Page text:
If it were me, I would have an honest conversation with the BFF bride about needing flexibility with whatever dress is being chosen and also be up front that there is always a chance that something could go wrong and I could not travel. If she is clueless about kids and babies and post-partum bodies, the two of you might decide that your attendance is more of an “honored guest” role than MOH anyway. Then book the last flight in and the first flight out, stock up the iPad with lots of shows for the 3.5 year old, arrange for tons of back ups for child wrangling, and plan to have an excellent time celebrating with my best friend!

  • AC

    Sadly, It isn’t uncommon for women to go back to work in a shorter time-frame than 6 weeks. Approximately 40% of women in the USA don’t qualify for FMLA and have to go back to work as soon as their vacation and sick leave run out (if they even have vacation and sick leave). Our lack of paid maternity leave is horrifying. All that is to say, if folks are going back to work you could probably travel – but personally I don’t think I would.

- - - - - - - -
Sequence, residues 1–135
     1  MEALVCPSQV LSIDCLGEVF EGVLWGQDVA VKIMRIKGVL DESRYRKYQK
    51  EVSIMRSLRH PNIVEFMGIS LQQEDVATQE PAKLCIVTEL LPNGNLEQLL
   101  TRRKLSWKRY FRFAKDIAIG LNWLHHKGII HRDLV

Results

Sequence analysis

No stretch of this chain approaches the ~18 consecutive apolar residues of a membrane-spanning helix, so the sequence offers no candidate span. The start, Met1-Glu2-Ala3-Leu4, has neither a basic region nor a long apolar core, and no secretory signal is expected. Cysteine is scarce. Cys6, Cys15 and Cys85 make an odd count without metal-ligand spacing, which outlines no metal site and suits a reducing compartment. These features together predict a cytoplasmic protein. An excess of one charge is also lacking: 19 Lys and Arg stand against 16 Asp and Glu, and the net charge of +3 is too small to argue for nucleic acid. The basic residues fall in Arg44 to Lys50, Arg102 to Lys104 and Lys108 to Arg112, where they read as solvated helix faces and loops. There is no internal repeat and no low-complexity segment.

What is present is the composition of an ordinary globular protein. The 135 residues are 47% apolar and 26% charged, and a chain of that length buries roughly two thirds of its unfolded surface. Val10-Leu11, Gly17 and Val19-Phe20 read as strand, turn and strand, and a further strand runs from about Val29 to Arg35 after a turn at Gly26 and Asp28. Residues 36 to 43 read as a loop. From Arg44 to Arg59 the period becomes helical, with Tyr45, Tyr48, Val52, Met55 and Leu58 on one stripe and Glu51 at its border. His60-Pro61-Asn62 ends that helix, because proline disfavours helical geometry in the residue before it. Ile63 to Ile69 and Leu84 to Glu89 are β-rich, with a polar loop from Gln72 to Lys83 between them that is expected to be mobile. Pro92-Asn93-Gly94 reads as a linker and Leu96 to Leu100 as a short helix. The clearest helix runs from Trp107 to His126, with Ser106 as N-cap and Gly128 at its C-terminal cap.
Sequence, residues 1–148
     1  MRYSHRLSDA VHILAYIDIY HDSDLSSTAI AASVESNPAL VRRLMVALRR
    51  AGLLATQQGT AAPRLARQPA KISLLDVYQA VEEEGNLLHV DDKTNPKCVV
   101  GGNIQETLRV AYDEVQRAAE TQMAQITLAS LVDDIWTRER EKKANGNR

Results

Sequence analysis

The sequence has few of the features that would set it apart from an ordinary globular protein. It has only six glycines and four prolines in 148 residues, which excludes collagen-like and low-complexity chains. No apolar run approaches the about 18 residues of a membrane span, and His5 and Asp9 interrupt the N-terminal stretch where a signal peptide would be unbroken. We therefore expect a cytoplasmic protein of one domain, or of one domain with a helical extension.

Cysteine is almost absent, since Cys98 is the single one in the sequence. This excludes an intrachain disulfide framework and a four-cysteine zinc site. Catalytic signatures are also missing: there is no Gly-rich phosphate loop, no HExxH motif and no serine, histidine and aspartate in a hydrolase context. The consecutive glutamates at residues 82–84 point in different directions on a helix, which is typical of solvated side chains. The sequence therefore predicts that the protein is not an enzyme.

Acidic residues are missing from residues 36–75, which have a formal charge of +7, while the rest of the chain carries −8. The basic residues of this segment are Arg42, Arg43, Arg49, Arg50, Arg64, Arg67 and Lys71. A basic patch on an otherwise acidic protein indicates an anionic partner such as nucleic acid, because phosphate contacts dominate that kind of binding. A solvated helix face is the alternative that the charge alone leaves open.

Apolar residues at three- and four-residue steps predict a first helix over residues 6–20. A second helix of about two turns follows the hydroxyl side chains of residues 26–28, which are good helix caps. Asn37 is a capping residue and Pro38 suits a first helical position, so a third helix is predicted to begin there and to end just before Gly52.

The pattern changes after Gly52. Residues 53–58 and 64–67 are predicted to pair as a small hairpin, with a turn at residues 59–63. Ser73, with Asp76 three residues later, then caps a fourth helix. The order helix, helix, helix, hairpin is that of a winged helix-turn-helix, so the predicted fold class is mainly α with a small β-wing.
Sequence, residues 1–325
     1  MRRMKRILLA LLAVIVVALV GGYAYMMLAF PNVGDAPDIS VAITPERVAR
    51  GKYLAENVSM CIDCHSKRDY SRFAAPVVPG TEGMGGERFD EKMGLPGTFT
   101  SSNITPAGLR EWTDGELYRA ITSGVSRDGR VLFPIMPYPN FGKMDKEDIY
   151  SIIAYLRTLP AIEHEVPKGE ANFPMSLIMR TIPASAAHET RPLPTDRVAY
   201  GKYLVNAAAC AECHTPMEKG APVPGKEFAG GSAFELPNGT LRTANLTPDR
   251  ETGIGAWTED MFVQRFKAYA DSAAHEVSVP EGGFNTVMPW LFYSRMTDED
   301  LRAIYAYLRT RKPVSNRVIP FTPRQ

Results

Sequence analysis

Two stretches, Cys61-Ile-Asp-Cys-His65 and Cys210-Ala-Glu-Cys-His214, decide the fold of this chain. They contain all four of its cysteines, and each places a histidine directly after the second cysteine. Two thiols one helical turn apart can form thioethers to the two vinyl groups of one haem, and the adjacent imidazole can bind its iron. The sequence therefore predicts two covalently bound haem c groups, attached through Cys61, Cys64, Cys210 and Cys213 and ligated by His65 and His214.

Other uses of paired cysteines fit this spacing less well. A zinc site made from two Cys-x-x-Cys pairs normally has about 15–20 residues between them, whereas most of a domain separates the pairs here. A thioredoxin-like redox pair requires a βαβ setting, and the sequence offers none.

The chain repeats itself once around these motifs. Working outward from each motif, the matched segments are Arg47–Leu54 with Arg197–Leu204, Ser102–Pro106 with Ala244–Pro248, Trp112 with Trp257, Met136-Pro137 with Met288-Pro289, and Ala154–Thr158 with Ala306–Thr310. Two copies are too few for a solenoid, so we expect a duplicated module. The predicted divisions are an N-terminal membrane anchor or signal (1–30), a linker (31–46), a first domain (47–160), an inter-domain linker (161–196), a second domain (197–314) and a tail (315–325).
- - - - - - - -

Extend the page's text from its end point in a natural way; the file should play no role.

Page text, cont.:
• Amanda

    Not to pile right on, but this sounds like a miserable trip for you. To put things in perspective, my best friend got engaged very close to the time that I got pregnant. She had a super small wedding but actually consulted with me on the date and wanted to have it before I had my daughter. Again, small wedding so she had options. But the point is, she considered that it would not be feasible for me to travel (even a 3 hour drive to Cleveland) once my baby arrived. This was for my first. So she had her wedding in July and I was not due until September. I was still LARGE in her photos, which is actually a fun memory :D. So I would say a true best friend should be able to see outside her circumstances and understand….IF you tell her sooner rather than later that you won’t be able to make it. Also be prepared that she may not understand and that is ok too. Friendships certainly shift and change after little ones come, especially when you are a mama and she is not. Trust that one day when she is in the same situation she will understand better. Bottom line, your best bet is to speak with her openly about it. Transition out of the MOH role and maybe into the optional role. Then buy insurance on those airline tickets! 😀 Best of luck and I hope you have a wonderful rest of your pregnancy!